International Norms and Global Health Security
In the age of air travel and globalized trade, pathogens that once took months or even years to spread beyond their regions of origin can now circumnavigate the globe in a matter of hours. Amid growing concerns about such epidemics as Ebola, SARS, MERS, and H1N1, disease diplomacy has emerged as a key foreign and security policy concern as countries work to collectively strengthen the global systems of disease surveillance and control.
The revision of the International Health Regulations (IHR), eventually adopted by the World Health Organization’s member states in 2005, was the foremost manifestation of this novel diplomacy. The new regulations heralded a profound shift in international norms surrounding global health security, significantly expanding what is expected of states in the face of public health emergencies and requiring them to improve their capacity to detect and contain outbreaks.
Drawing on Martha Finnemore and Kathryn Sikkink’s "norm life cycle" framework and based on extensive documentary analysis and key informant interviews, Disease Diplomacy traces the emergence of these new norms of global health security, the extent to which they have been internalized by states, and the political and technical constraints governments confront in attempting to comply with their new international obligations. The authors also examine in detail the background, drafting, adoption, and implementation of the IHR while arguing that the very existence of these regulations reveals an important new understanding: that infectious disease outbreaks and their management are critical to national and international security.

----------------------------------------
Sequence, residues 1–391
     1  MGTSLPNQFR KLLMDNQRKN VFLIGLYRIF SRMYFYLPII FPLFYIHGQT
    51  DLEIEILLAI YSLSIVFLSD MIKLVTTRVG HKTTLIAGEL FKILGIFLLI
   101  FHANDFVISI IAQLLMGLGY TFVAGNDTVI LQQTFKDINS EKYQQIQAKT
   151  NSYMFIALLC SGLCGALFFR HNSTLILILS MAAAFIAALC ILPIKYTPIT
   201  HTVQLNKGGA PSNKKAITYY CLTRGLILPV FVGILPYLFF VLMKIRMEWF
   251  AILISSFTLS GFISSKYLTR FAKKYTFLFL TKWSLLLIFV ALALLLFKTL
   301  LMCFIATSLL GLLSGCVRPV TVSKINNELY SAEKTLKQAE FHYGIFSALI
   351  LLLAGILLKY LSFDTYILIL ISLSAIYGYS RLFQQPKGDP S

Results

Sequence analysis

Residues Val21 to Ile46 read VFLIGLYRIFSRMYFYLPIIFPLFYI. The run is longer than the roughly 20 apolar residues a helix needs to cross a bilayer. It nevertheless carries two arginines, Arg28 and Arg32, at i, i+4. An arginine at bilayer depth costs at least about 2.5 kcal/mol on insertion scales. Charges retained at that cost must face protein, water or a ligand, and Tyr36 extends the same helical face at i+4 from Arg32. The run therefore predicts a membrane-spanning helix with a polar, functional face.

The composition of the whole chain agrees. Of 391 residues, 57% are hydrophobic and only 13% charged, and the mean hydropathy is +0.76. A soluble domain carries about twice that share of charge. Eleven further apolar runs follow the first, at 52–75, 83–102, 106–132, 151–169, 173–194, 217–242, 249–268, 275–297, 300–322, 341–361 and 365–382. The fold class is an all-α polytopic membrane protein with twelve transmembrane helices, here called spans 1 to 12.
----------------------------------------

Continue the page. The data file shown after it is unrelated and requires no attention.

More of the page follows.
The book will be of great interest to academic researchers, postgraduate students, and advanced undergraduates in the fields of global public health, international relations, and public policy, as well as health professionals, diplomats, and practitioners with a professional interest in global health security.